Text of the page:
We’re speaking aesthetically, of course! Yet it can’t hurt to compliment them, as wedding guests who feel confident in front of the camera make better subjects. While their self-assuredness isn’t something you can control, you can control where you place them. It’s best to capture your subjects in a soft light. There’s a reason you notice how lovely your partner looks from across the table at a dimly lit restaurant. While you may think it has to do with the martinis you’ve been drinking (and to a degree, it may), it has more to do with the lighting. Though you don’t want the light to be too low, a nice soft glow is ideal. Try to stay out of direct sunlight. Sunset is the perfect time to capture people at their best.
Consider the mood created by the lighting and location in the award-winning photo taken by Lewis of a couple posing for a guest’s camera in front of a twilit ocean.
“It was a really beautiful setting along the beach with a lot of candles, and I was waiting as the light went down to capture the contrast between candlelight and twilight,” Lewis remembers. “I’d been photographing more of a setting photo, the table and the sky, and saw the couple getting their picture taken out of the corner of my eye. The light on their faces is the red-eye reduction light from the person’s camera and gives a nice warm contrast to the blue. It was a great shot!”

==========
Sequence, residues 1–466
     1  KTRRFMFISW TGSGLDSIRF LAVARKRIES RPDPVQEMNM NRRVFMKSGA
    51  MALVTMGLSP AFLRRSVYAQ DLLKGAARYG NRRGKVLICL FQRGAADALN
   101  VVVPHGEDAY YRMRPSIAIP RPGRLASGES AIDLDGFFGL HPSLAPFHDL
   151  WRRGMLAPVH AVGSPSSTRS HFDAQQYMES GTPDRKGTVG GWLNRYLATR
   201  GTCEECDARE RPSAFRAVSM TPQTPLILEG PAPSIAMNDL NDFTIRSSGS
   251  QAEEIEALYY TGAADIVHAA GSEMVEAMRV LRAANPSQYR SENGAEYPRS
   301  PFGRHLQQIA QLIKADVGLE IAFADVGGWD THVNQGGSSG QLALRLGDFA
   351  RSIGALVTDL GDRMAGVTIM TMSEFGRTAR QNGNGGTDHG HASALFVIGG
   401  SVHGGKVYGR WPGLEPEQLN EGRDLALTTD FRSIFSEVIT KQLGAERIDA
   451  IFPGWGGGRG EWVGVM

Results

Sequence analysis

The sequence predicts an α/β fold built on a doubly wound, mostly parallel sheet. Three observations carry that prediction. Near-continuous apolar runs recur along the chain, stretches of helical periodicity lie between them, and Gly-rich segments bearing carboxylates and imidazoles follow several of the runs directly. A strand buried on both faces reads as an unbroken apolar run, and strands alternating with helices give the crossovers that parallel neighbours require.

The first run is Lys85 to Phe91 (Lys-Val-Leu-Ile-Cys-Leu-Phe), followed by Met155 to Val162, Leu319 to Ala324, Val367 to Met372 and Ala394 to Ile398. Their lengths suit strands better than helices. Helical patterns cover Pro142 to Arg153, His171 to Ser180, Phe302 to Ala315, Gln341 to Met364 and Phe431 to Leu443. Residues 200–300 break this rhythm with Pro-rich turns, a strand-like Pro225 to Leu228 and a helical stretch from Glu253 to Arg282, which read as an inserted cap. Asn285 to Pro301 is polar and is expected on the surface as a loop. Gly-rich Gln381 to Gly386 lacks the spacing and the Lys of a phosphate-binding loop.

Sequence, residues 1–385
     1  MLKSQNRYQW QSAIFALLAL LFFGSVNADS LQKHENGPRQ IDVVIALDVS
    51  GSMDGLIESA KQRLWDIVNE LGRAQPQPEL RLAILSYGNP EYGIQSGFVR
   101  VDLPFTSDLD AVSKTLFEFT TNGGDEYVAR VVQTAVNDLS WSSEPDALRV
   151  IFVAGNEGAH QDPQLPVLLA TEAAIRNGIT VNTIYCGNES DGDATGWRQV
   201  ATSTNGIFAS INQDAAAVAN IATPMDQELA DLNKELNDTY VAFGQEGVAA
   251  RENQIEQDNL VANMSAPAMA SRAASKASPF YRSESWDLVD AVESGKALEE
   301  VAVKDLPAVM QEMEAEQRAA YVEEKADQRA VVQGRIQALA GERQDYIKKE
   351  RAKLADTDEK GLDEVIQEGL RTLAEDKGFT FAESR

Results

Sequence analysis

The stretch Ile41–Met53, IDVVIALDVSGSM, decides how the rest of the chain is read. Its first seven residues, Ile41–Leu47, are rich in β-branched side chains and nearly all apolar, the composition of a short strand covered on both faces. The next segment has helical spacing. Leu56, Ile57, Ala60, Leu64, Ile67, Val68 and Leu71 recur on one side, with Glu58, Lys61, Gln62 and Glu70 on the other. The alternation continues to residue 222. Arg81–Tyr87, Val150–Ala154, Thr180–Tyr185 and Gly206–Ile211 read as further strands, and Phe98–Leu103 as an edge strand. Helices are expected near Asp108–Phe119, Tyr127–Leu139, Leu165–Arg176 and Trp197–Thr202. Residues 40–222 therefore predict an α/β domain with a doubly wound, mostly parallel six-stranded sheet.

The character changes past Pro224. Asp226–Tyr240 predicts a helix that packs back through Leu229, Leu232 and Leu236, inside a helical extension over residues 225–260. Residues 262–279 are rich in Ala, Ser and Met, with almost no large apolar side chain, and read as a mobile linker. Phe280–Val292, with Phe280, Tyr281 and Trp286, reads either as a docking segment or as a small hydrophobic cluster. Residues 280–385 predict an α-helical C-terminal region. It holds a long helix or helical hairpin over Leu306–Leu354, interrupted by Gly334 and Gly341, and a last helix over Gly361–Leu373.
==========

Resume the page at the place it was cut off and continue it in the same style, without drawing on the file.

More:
There are some moments at a wedding everyone wants to remember, but even as an amateur photographer, you don’t want to jostle someone and ruin their shot for the sake of your own! While you may want to capture those picture-perfect moments as badly as the professional photographer, he’s the one the B&G have hired. Try to be conscientious of him. Know where he is standing and how your flash may affect his work. If you are flashing away at the same subject as the professional photographer, the light from your camera may throw his off. If you find yourself shoulder to shoulder with him, simply ask if you’re in the way. A little courtesy can go a long way.